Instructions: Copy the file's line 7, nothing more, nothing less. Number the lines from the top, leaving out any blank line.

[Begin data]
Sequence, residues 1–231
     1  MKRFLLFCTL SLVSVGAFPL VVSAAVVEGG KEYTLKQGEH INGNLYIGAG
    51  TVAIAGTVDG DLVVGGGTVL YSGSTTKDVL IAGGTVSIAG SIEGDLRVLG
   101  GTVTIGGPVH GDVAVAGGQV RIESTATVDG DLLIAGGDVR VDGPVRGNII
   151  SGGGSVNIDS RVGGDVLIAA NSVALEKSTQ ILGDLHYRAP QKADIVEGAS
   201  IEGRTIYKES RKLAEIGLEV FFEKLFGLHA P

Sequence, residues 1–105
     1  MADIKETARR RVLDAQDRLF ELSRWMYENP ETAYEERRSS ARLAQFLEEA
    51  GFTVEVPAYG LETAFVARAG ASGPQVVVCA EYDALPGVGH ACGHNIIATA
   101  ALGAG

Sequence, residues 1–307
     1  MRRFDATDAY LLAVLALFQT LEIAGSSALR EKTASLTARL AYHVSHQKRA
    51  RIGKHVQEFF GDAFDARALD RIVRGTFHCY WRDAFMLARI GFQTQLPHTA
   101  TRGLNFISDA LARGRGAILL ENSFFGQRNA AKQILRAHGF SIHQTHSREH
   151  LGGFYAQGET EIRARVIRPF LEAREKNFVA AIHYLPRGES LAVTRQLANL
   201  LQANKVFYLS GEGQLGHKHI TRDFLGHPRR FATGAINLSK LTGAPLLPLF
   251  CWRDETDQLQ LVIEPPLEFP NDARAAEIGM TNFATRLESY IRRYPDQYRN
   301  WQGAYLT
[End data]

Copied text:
Sequence, residues 1–105